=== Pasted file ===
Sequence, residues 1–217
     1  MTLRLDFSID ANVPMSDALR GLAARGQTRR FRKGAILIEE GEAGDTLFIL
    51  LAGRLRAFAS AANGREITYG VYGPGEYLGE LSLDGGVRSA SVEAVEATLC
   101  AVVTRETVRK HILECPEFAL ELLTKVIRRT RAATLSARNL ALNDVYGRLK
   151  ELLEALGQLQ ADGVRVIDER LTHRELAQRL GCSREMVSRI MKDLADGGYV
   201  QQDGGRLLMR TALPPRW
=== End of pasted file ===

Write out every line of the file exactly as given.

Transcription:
Sequence, residues 1–217
     1  MTLRLDFSID ANVPMSDALR GLAARGQTRR FRKGAILIEE GEAGDTLFIL
    51  LAGRLRAFAS AANGREITYG VYGPGEYLGE LSLDGGVRSA SVEAVEATLC
   101  AVVTRETVRK HILECPEFAL ELLTKVIRRT RAATLSARNL ALNDVYGRLK
   151  ELLEALGQLQ ADGVRVIDER LTHRELAQRL GCSREMVSRI MKDLADGGYV
   201  QQDGGRLLMR TALPPRW